Men's Clan Colquhoun Crest Badge T-Shirt in Black. AVAILABLE IN SIZES M-XXXL.
Large two color crest badge on back of shirt, small white chest print that reads Clan Colquhoun with mini crest badge.
Printed on 100% Pre Shrunk Cotton T-Shirt.
The circular belt has the Motto of the Chief of the Clan inscribed in it. Within the belt is the crest of the Clan Chief. The belt and buckle denote the clansman.
Crest: A Stag.
Motto: Si Je Puis (If i can).
The Clansman's Crest Badge is the most powerful emblem of your Clan Colquhoun Heritage. Displaying this badge is a symbol of your allegiance to your clan. The perfect gift for any Colquhoun descendant.
"Cuimhnich air na daoine o'n d'thaining thu" - Remember the men from whom you are descended.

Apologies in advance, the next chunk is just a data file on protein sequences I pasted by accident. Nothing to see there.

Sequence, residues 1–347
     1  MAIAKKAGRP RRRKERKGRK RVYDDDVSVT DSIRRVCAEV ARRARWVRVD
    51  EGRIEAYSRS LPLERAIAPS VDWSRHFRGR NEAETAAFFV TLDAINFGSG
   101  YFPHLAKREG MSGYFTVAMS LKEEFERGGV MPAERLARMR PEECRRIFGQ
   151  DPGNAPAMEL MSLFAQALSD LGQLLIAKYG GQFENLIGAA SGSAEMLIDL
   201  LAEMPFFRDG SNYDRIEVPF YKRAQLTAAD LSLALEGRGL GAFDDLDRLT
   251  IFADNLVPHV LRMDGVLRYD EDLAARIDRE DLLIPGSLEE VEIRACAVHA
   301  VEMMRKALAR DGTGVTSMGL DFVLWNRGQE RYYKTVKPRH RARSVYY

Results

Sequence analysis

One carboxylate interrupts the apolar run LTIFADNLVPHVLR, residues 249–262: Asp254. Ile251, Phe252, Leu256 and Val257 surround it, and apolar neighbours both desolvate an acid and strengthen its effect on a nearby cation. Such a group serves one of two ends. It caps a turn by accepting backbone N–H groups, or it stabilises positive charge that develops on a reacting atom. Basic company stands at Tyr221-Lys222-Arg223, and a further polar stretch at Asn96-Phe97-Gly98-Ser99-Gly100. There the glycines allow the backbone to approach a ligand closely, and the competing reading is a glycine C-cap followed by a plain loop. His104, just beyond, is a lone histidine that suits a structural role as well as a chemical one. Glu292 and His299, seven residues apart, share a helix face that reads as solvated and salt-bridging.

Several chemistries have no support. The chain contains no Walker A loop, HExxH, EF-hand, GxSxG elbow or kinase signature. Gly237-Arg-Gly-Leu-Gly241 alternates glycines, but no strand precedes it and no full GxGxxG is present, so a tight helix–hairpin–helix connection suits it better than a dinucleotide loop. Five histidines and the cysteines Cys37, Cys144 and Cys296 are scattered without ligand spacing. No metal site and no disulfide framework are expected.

In the 13th century Maol Domhnaich, Earl of Lennox granted the lands of Colquhoun, located in Dunbartonshire, to Humphry de Kilpatrick. Humphry’s son, Ingelram de Colquhoun, who lived in the reign of Alexander III, was the first person recorded as taking Colquhoun as a surname. Around 1368, Luss, on Loch Lomond, was acquired by Sir Robert Colquhoun through marriage. From then on the chiefship has been described as of Colquhoun and Luss. His grandson Iain Colquhoun of Luss married Margaret, the daughter of the Earl of Lennox. When James I returned from English imprisonment a few years later in 1424, one of the people he took his vengeance upon was the unsupportive Lennox. Lennox's position was devastated, and Iain of Luss took advantage of this to win the King’s favour by capturing Dumbarton Castle from Lennox. By 1427 he was Sheriff of Dumbarton and by 1439 he was dead, like his King, killed by those he had treated so badly. By way of compensation, James II made Luss a free barony for Colquhoun’s grandson Sir Iain. It remained this way until the 1745 Jacobite rising.